Collateral Beauty



After the 20th century, life became way too complicated for anyone person, or school of thought, to contemplate. Science, art and politics all diversified into so many subcategories, philosophy failed to meld all of them into just one concept and explain. Films like this take romance way too seriously, and in a world where women and children die for petty unnecessary reasons, nothing could really be as dumb and insignificant as romance. 4 out of 10 stars


Philosophy is dead. This is because, after the 20th century, life became way too complicated for anyone person, or school of thought, to contemplate. Science, art, and politics all diversified into so many subcategories, philosophy failed to mold all of them into just one concept and explain. So, philosophy died, and entertainment, however crude it may sound, took its place.

 

When I first saw the trailer to Will Smith’s Collateral Beauty, I vowed I would never watch the movie. It seemed like one of those cheesy, soapy, tearjerker movies with very bad acting and dialogue. Films like this take romance way too seriously, and in a world where women and children die for petty unnecessary reasons, nothing could really be as dumb and insignificant as romance.

 

I am not a very lucky fellow. The film was screened at Matti Cinema, and I feel the need to write about whatever people are watching. This is not the type of film the multiplex usually screens – the favorites are action and superhero movies – so I was a bit perplexed. If they were open to dramas like this, then why not bring the far better La La Land or Manchester By the Sea?

 

Collateral Beauty mainly revolves around Howard (Will Smith), who has lost his child. The grief he feels for his loss engrosses him and he becomes unable to look after the company he built with his partner, Whit (Edward Norton). Whit and the company’s other major shareholders – Claire (Kate Winslet) and Simon (Michael Peña) – feel that if this goes on the company may disintegrate.

They hire a private investigator (PI), so as to prove he is mentally unfit to run the company. The PI finds out that Howard writes letters (who writes letters anymore?), not to people, but to “things” – namely, love, death and time. Howard is not the only one who is crazy, though; his colleagues are worse off. They hire actors to play those three entities in a scheme to record Howard conversing with them.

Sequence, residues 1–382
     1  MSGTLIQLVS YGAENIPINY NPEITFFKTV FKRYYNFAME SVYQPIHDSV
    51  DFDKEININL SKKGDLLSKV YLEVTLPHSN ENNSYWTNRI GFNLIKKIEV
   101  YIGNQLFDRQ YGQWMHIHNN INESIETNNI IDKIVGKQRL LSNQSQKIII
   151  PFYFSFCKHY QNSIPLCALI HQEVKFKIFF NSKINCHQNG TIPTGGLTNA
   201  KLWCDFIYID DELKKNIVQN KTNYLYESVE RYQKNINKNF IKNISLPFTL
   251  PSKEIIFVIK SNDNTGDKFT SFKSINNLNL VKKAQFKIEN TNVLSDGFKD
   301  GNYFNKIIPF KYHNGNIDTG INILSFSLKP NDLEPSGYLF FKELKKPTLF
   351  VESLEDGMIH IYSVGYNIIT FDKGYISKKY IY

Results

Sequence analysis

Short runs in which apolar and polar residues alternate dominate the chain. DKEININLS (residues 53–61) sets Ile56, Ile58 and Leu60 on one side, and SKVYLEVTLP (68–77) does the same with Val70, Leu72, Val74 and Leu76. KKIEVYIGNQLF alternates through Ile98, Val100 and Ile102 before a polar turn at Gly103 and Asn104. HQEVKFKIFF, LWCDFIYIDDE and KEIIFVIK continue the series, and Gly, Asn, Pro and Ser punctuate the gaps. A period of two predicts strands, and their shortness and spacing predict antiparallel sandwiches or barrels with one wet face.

Collateral Beauty flaunts a very gifted ensemble cast. I have loved and appreciated Norton in almost every movie I have ever seen him. Some usually sight his performances in the 25th Hour and American History X as his best, but I have always thought it was with Fight Club (a film with themes in stark contrast to this one) that he out did himself.

And I will not deny Winslet her several Oscar nominated, acclaimed, roles throughout her career, but I usually find that she ends up in unappealingly doomed projects (this being one). The actors that are hired to play love and death are non-other than the astonishingly beautiful Keira Knightley and the esteemed Helen Mirren (who at 71 is strangely attractive), respectively.

What Smith does in this movie is called overacting. His performance could have worked in a TV movie, but this is the big screen, his various emotional facial expressions are just too much. I say this every time – when in a close-up, for a movie to be screened in theaters, do what Robert Bresson tells his actors to do, and act as minimally as possible.

But I sympathize with Smith to a certain degree; Collateral Beauty is a very hard film to do right by. The filmmakers set the bar too high for their own good. David Frankel, the director of the stylish The Devil Wears Prada, directs without much sympathy or detail towards the script (which contains a strange plot twist) written by Allan Loeb.

Love, death and time are some of the most complicated topics novelists, poets and playwrights have tried to discuss. And ever since the birth of Cinema, filmmakers have joined in the dialogue. The great Andrei Tarkovsky was probably the most interested in the concept of time. His films are all strangely lengthy, without being necessarily boring or having a long running time – he documents the passing of time itself, through photography and editing.

Very few have tinkered with the notion of love as much as the French masters, Marcel Carné (with his stunning Children of Paradise) and Jean Renoir. Love should not only be understood as romance or sex but love towards one’s occupation, family or community. Death has always been a tricky subject to illustrate in a movie but I believe Jean Cocteau’s Orpheus has been very effective.

I actually think all the three seemingly crucial entities of existence are overrated. What is Love but a mammalian drive, fueled by chemicals inside the brain, like thirst or hunger? What is death but the physical decaying of tissue into a different matter, and time but an illusion of space that manifests itself as the “conscious experience of duration” in our minds?

In keeping with these very same sentiments, Collateral Beauty should have had a little sense of humor, like Stanley Kubrick’s Dr. Strangelove. Dr. Strangelove was a satire about nuclear escalation made in the height of the Cold War era. The anxiety towards mutually assured nuclear annihilation was so high during this time all Kubrick could think to do was to boldly jest about it. There are some good jokes in Frankel’s movie, but that is different from comedy. The film is too serious – it never understands that love, death and time are inconsequential to all but humans.



By Christian Tesfaye
Christian Tesfaye is a film critic whose interests run amok in both directions of print and celluloid/digital storytelling. He can be reached at christian.tesfaye@yahoo.com

Published on Jan 24,2017 [ Vol 17 ,No 873]


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